The Battle for the Paddle has become an upstream excursion for the Litchfield football team.

Annandale blew open a close game with four consecutive touchdowns as it beat the Dragons 40-13 Friday. It was the Annandale’s fifth consecutive win over Litchfield, the fourth straight since the inception of the Battle for the Paddle rivalry game.

“We’ve played Annandale for the last 16, 17, 18 years,” Litchfield coach Jim Jackman said. “There was a span of maybe 12 years where we got beat maybe twice. And now it’s just a situation where, you know, you look at the last three years coming in (to Friday’s contest), the game went back and forth and Annandale found a way to win.

“Tonight, obviously, they controlled the second half,” Jackman said. “Their size and physicality gave us some issues.”

Litchfield opened strong after receiving the opening kickoff. The Dragons marched 75 yards on 15 plays and took more than seven minutes off the clock before quarterback Ben Asleben punched into the endzone on a 1-yard run.

But the celebration was short-lived for the Dragons, as Annandale’s Riley Niedzielski busted a 50-yard run on the Cardinals’ first play from scrimmage. Annandale eventually scored on a 2-yard run by Brett Honsey, but Litchfield blocked the conversion attempt to maintain a 7-6 lead.

That stood up until early in the second quarter, when Annandale’s big play ability showed up again, this time on a 68-yard touchdown run by Alan Luna. The Cardinals two-point conversion attempt failed, however, putting the score at 12-7.

Litchfield demonstrated its own big play capabilities away, though, as Alsleben hit Bennett Lecher for a 43-yard gain on the ensuing drive, and later hit Drew Kotzer for a 4-yard touchdown pass and a 13-12 lead.

But that was Litchfield last flash of offense for the game. The Dragons finished the first half with 205 yards of offense, but managed just 15 yards more through the bulk of the second half.

“Offensively the first half, we did a pretty good job of moving the ball,” Jackman said. “There’s probably one series where we’ve gotta find a way to score some points. And against a team like this, obviously, we don’t want to give up the big play defensively, which we did a little bit in the first half. Because then, our offense is back out on the field, and we don’t have time to touch base, gove over film, go over some reminders and things like that.”

After the back-and-forth of much of the first half, Annandale’s size and depth began to take its toll on the Litchfield defense.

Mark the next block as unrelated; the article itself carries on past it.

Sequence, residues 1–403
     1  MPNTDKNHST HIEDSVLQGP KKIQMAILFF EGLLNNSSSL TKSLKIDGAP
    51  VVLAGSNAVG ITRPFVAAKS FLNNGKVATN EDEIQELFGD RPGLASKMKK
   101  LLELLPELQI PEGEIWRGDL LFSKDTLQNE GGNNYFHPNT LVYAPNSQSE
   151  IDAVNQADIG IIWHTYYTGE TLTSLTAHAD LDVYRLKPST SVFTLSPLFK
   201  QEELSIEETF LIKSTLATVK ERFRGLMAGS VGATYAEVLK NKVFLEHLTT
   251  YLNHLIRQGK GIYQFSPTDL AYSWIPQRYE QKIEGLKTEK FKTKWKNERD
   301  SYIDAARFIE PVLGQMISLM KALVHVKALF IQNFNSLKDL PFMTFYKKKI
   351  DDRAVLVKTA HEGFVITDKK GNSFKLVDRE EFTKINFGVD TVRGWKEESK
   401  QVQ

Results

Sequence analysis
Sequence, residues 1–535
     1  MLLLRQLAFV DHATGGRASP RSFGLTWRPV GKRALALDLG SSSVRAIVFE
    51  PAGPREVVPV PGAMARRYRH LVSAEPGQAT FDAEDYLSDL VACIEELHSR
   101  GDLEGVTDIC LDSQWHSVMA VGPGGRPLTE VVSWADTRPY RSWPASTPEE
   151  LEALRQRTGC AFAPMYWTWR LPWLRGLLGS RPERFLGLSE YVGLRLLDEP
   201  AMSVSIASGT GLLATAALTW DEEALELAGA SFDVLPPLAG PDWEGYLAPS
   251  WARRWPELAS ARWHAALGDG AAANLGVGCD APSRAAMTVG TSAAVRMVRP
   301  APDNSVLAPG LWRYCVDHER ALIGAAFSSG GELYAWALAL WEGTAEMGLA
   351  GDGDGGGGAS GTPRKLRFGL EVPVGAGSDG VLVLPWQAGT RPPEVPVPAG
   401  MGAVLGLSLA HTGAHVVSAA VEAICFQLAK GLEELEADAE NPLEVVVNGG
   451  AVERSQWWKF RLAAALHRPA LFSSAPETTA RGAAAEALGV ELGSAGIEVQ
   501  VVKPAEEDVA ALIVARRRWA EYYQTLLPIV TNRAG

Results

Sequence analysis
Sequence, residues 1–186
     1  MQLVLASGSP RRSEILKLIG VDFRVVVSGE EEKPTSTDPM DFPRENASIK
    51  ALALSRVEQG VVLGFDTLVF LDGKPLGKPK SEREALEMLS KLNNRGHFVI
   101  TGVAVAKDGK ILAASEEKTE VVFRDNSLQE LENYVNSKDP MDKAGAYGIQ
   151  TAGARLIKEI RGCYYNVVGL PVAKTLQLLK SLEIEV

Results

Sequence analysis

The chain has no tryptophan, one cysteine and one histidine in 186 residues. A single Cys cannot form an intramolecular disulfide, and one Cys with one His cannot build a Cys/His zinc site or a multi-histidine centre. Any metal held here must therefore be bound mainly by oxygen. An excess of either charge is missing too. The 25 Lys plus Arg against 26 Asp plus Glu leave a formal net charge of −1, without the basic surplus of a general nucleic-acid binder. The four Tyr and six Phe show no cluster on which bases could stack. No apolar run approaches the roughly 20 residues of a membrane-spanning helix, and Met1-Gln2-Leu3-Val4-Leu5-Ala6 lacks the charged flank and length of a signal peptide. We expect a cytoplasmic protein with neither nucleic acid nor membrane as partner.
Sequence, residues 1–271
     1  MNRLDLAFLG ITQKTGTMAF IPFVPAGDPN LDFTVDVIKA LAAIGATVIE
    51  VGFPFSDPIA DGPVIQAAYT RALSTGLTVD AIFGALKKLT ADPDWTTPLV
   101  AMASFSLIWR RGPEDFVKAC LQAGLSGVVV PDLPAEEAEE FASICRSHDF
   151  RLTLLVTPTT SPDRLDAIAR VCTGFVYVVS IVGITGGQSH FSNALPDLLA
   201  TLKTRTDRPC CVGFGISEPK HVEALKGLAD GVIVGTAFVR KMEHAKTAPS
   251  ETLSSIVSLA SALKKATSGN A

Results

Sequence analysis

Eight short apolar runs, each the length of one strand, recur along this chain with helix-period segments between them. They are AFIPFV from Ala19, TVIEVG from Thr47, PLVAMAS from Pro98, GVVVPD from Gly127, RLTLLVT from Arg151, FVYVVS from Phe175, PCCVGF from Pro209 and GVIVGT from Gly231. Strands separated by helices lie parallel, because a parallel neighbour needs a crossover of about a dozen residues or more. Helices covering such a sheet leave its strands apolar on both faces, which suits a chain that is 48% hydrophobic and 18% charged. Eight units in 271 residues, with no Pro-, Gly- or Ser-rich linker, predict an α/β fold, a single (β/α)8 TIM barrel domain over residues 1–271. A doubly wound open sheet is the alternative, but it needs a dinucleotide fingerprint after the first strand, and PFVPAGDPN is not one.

The Cardinals closed the first half with a 58-yard drive that took seven minutes off the clock and ended with a 2-yard run by Niedzielski and a 20-13 halftime lead.

Annandale wound up with 350 yards rushing on 51 carries, led by Niedzielski’s 23 carries for 166 yards.

“They had a good O-line,” senior linebacker Patrick Benson, who had 13 tackles, said of Annandale. “They got a good push on us. We couldn’t stop their run attack.”

“Annandale’s a good team,” Jackman said. “They have a lot of weapons with their size, their athleticism on the outside. They’ve got good backs, no question … and the scheme they run. Their general size makes it challenging.”

With its ground game and a lead established, Annandale also could make life much more difficult for Litchfield’s offense, Jackman said.

“The second half, the challenge is, you’re behind, you’re trying to force some things a little bit,” he said. “You know, those big defensive linemen are able to kind of come at you, get those arms up and cause some problems. It was a couple things we didn’t do as well in the second half. We didn’t get in that rhythm, and offensively, the scheme we’re running right now, rhythm is a huge thing.”

Regardless of the outcome of Friday’s game, however, Jackman had a message for his team as they gathered in the north endzone at Litchfield High School field.

“Like I told the kids, my goal is we get to play them again (this season),” Jackman said. “If we get to play them again, that means that we’re somewhere in the state, playing in the playoffs. I believe they will be there, no question about it. I’d like us to be, too.”

Brent Schacherer is publisher of the Hutchinson Leader and Litchfield Independent Review.

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